For some time, it has been in vogue among the left to consider Christianity itself an insane belief system.  Certainly, such seems to be the case for some of the talking heads on ABC's The View.  According to Joy Behar, one of the most dangerously insane people in the United States is the vice president of the United States, Mike Pence. 

Let's be frank: a well known spokeswoman has so thoroughly absorbed the left's definition of insanity that she believes she can trash without consequence a good man whose core beliefs are based on beliefs held by Judaism and Christianity for over four thousand years.  Of course, she would never dream of trashing the Muslim mayor of London in a similar manner.

The fault in Behar's stars lies with the ideological extremists pushing politically correct ideology, a belief system that has created a change in the meaning of sanity.  The current leftist reversion to paganism and pagan mythology teaches that the concept of morality is infinitely malleable and entirely subject to individual human will.  That concept increasingly means that the left deems Christians, who believe in a universal moral order, insane – Christians, who hold to a sober analysis of the human condition while also holding an elevated view of what it means to be a redeemed and restored human being.  Christians, whose narrative of several thousand years has been the basis of Western civilization, are deemed mad.  They are the outliers in a country that was and still largely is Christian.

Such inversion of truth is what happens when a society is pagan or reverts to paganism, as is clearly illustrated in the case of the Apostle Paul, who was deeply involved in pagan (politically correct and politically reinforced) politics similar to that of today.

Summoned to appear in court by the Roman rulers of his day, Paul testified concerning his conversion to Christianity before Festus, procurator of Judea, and King Herod Agrippa II, who was in an incestuous relationship with his sister Bernice.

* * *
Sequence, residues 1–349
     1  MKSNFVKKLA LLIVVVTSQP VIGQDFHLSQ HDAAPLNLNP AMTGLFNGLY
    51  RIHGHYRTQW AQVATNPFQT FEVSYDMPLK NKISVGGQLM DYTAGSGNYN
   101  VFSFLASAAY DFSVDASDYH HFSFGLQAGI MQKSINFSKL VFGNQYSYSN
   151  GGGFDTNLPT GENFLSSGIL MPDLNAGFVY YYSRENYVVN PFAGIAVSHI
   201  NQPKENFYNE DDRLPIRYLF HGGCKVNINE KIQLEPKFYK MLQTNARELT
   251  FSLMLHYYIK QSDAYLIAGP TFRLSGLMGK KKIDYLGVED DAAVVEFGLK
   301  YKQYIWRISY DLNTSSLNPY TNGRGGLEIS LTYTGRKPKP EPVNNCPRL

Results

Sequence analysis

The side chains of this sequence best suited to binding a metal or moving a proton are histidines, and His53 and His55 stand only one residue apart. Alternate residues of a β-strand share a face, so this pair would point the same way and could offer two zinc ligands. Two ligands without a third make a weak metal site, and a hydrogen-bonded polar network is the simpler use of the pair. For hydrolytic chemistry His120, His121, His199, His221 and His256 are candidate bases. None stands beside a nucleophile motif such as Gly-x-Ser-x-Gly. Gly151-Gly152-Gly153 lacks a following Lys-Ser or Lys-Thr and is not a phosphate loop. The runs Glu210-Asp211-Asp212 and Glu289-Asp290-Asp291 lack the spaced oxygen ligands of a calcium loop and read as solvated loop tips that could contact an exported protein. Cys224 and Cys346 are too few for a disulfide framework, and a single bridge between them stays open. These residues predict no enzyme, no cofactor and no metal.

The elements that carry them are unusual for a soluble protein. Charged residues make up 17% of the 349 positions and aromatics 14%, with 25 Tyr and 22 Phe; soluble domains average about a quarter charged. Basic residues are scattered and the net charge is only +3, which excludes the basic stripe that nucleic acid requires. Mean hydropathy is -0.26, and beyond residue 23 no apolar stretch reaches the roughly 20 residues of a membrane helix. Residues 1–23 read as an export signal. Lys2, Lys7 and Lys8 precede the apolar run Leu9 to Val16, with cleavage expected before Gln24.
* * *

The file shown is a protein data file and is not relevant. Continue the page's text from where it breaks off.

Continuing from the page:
Paul spoke before the two men about the core claims of billions of Christians throughout the ages: Christ has died; Christ has risen; Christ will come again.  He presented the case for Christianity compellingly, clearly, and persuasively.

The response from the two leaders before whom Paul was being tried?  Agrippa was not persuaded.  Festus shouted, "You are out of your mind.  Your great learning is driving you insane" (Acts 26).

Not much has changed since the time of Festus and Agrippa.  The women of The View would doubtless wink at Agrippa's incestuous relationship with his sister and would mock Paul for trying to persuade them of the foundational beliefs of Christianity.

Such is the cynicism and downright hatred on the part of the left that a person like Mike Pence, who believes in the Christian ideals of what is just, good, noble, and pure, is seen as an inherently hateful person clinging to rags of superstition.

Fortunately, Pence is speaking out against the virulent hatred of Christians promoted by Behar and others like her.  He recently said:

To have ABC have a broadcast that compares Christianity to mental illness is just wrong… I call them out on it, not because of what was said about me, but because it's just simply wrong for ABC to have a television program that expresses that kind of intolerance.

The vice president went on to say he considers his sustaining faith essential to his walk, adding that he and his wife regularly start their mornings with prayer and Bible-reading.  "I am not unusual," he stated.

He is right about the intolerance as well as the fact he is not unusual.  Tens of millions of American Christians and hundreds of millions around the world consider the core beliefs of Christianity the bedrock of their existence. 

But Behar, as well as her fellow atheistic leftists, would have all Christians categorized as insane because they pray to God and expect to hear something back from their creator, Father, and Redeemer.

The question remains: who's crazy and hateful?  Who is sane, and who is not; who is lying, and who is telling the truth? 

Is the reprehensible person someone like Mike Pence, who behaves in a dignified and moral manner and who tolerantly invites those in opposition to his beliefs to dialogue with him?  Or is it people like Behar, who are ignoramuses knowing virtually nothing of history and Christianity and who descend from the line of Festus and Agrippa?

In the long run, Festus and Agrippa were, and modern-day scoffers like Behar are, merely obscure historical footnotes.  They will scarcely be remembered.

But Paul, the eloquent defender and expositor of Christianity, will prevail.  So too will the Christ who founded the Church that will prevail even though the very Gates of Hell are against it.

Fay Voshell holds a M.Div. from Princeton Theological Seminary, where she received the prize for excellence in systematic theology.  She may be reached at fvoshell@yahoo.com.